Monday, May 05, 2014

May revivals: first third

Hey all, Mike here with the latest revival list. For the month of May, I will split it up into three lists. This one here, one that will probably go from May 16th  until about May 22nd I think, and then one from Memorial Day weekend until about the end of the month. Something tells me that last May list will be a little overwhelming for me to post everything, but I'll do my best. In the meantime, on to this list, here we go:

BEN-HUR (1959)- Wed May 7 at 7- AMC Empire- A DCP screening as part of AMC's Classic Film series, currently emphasizing the sword and sandal epic era of the 1950s/early 1960s.The 11 time Oscar winner and one of the highest grossing films ever mad (don't look at the regular list; check the adjusted for inflation list and be surprised), Ben-Hur gets a special screening. Part of AMC's special screenings of films:epics edition (my words, not theirs). We'll probably be getting a DCP of the recent restoration from about two and a half years ago. We'll probably be getting a DCP of the recent restoration from about two and a half years ago. If their recent presentation of The Ten Commandments is any indication, it should look fine and sound fantastic.

I went a long time without seeing Ben-Hur. It played frequently on the 4:30 Movie here in NYC. But it was chopped into what, 4 or 5 parts maybe, and if I was ever going to watch a Heston film back then, it would be Planet of the Apes. Once cable came along in the household, I still wouldn't pay much attention to it. The only time would be sequences of the famous chariot scene in a documentary about Wyler, or spots on TCM where the chariot scene was used as an example of the virtues or widescreen, as opposed to fullscreen or pan-and-scan.

This changed in February 2006, when I saw it on the Ziegfeld's big screen. The story of Judah Ben-Hur, a Jewish prince betrayed and sold into slavery by his Roman best friend, is the kind of epic film others aspire/aspired to be. Heston's broad style of acting results in a career performance here, as he seeks revenge throughout the year. A drive for revenge that does more to separate him from his love and his leprosy-plagued family than slavery ever did. Coming to a head with the kind of chariot race/ action scene that Gladiator and all its CGI could dream about.

Melodrama and sentiment are abound here, but I'm not opposed to a little excess, especially when its done this well. And yet the scenes involving Jesus, especially the crucifixion, were done with such sensitivity . . . . My feelings regarding The Passion of the Christ changed from being in my top Ten of 2004 just missing the top Five, to just barely in my Top 10 with no need to ever see it again. That's how good a job of direction I thought Wyler did. You might disagree, but I'm guessing you've never seen Ben-Hur on the big screen and hey, I'm not offering an answer, just a response to what I saw.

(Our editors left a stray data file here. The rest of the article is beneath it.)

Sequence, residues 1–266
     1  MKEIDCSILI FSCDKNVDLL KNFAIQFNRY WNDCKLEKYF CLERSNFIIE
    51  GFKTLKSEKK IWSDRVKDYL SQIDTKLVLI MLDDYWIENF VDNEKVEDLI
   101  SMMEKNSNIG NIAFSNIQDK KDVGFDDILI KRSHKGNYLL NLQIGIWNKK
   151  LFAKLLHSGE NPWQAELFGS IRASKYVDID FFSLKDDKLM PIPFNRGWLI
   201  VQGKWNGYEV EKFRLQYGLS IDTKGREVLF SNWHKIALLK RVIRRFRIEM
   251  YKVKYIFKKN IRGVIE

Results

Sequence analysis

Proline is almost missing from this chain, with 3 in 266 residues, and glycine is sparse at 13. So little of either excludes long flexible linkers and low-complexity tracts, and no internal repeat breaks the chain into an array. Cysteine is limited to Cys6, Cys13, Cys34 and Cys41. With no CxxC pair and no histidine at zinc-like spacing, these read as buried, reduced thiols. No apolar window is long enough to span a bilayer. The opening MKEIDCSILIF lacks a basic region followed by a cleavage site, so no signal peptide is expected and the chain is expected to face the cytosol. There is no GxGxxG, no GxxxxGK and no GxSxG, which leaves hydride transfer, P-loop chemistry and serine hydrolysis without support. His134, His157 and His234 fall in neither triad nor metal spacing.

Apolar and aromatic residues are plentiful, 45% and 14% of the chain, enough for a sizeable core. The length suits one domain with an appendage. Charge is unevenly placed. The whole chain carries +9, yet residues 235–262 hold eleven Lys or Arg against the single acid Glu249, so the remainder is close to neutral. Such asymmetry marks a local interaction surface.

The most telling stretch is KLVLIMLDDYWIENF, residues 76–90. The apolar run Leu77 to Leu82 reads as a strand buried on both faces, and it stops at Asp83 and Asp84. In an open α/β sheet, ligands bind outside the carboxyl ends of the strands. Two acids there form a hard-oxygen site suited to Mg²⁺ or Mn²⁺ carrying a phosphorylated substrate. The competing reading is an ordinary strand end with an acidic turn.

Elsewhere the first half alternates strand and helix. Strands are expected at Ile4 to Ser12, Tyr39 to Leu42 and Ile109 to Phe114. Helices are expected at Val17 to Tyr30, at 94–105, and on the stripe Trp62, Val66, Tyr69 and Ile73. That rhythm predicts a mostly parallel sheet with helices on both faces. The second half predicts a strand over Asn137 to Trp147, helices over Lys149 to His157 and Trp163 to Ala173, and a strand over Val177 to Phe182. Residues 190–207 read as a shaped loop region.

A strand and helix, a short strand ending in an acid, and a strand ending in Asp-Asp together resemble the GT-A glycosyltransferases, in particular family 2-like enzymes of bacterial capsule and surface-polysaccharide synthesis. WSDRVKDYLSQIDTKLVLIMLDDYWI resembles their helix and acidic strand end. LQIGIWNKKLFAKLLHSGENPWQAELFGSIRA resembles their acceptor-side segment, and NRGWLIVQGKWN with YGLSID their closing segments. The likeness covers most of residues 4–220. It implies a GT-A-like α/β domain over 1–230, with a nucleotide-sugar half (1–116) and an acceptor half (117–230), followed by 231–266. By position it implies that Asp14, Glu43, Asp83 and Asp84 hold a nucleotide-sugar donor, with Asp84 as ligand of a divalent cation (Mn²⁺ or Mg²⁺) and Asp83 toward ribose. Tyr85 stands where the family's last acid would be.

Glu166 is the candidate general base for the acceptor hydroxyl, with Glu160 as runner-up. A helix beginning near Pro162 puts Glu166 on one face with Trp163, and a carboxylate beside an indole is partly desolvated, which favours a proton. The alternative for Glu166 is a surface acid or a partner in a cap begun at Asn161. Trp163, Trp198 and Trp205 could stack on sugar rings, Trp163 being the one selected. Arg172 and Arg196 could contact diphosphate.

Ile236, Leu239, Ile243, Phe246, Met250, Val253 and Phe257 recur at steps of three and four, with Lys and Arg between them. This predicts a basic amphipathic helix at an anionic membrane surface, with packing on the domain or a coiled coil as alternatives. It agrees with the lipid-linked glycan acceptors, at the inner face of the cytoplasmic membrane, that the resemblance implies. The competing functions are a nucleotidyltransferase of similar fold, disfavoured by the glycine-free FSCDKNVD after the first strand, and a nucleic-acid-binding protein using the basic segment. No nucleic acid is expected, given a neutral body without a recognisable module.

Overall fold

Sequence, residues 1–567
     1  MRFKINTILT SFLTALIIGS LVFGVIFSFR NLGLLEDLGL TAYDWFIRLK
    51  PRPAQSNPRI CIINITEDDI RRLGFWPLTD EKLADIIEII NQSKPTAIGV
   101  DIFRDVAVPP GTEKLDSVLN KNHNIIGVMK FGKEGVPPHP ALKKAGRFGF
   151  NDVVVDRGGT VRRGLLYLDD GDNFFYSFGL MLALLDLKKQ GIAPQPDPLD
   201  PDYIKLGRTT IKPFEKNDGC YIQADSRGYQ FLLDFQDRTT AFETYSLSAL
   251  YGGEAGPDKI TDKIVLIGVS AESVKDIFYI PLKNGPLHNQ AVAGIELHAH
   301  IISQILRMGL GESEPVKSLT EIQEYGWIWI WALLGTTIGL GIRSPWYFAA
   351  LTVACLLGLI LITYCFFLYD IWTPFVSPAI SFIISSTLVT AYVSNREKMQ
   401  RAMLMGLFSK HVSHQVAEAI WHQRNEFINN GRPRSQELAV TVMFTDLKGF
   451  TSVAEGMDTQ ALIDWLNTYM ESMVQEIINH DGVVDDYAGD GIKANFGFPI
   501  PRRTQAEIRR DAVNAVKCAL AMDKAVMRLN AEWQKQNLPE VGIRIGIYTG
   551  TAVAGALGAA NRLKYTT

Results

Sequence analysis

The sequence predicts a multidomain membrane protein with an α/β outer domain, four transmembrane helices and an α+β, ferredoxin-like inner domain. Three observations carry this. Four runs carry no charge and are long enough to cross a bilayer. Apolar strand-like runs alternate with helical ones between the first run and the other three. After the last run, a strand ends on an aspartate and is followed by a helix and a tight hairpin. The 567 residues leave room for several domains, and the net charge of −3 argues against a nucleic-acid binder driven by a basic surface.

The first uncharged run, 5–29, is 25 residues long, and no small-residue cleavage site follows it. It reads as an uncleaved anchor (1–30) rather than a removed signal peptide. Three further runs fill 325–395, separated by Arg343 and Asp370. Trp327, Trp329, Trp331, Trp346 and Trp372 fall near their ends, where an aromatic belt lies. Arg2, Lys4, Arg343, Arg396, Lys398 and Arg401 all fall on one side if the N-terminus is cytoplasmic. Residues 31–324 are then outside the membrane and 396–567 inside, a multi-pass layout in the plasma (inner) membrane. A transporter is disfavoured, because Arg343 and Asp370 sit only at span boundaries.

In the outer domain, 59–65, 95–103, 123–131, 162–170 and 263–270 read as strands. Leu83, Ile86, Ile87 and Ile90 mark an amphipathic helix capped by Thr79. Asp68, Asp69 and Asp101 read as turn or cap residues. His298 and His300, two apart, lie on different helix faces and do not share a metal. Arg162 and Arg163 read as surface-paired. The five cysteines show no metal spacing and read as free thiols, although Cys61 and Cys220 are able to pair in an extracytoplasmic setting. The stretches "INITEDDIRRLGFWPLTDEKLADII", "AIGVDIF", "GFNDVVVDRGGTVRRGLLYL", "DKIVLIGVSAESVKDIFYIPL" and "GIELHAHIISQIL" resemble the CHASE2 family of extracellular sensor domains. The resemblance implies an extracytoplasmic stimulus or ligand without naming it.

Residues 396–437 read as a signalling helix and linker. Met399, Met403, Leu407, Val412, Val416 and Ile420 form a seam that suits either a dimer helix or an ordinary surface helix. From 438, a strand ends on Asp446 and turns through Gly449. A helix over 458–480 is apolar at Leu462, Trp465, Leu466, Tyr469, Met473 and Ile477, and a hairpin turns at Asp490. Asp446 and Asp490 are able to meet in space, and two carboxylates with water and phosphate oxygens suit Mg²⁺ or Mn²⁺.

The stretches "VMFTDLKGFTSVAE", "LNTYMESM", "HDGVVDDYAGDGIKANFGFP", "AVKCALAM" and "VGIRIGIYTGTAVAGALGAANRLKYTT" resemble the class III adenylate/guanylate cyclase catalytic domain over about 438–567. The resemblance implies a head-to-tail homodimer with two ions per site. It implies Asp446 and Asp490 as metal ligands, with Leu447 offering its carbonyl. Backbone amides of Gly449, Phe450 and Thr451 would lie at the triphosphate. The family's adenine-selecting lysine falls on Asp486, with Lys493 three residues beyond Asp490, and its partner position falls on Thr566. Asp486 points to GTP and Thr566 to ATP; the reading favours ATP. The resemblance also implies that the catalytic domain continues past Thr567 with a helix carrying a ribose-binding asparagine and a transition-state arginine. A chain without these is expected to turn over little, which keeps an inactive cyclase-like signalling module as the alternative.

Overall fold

A nomination for the Screenplay. 11 Oscars, including Picture, Heston for Actor, Wyler for Director, scene-stealing Hugh Griffith for Supporting Actor, and Score. A record for Oscars, tied by Titanic and Return of the King. On both AFI Top 100 lists. May or may not be in my own top 100, but if it isn't, it's very close: 
QUEEN MARGOT- Sat May 10 at 7:15- Film Forum- A DCP restoration. It plays for one week, from Friday May 9 thru Thurs May 15. But Saturday May 10 is my only possible day, and 7:15 is my only possible time. A full bodied, and at times full bloody, adaptation of Alexandre Dumas's novel. I'm just gonna quote part of the Forum's description of this and then I'll resume: 

" (1994) France, 1572, and during an uneasy break in the wars of religion, Jean-Hugues Anglade’s King Charles IX concludes a marriage of state between his sister, Isabelle Adjani’s Catholic Margot, and Daniel Auteuil’s Huguenot King Henry of Navarre, by ramming forward a reluctant Adjani’s head in lieu of a “Oui.” Peace now, huh? — but Virna Lisi’s skull-faced Queen Mother/Regent is already plotting the St. Bartholomew’s Day Massacre (see Intolerance in Special Events), and that’s just the beginning of the head-snapping side switches, non-stop scheming, sometimes accidental poisoning, double beheadings, and frenzied couplings, including Adjani’s throbbingly romantic affair with Vincent Perez’s La Môle. The late Patrice Chéreau’s high octane adaptation of the Dumas novel begins in fifth gear and never lets up, plunging in hip deep in history and into a dizzying array of characters, with passionate performances and a riveting, horrific staging of the Massacre. . . .: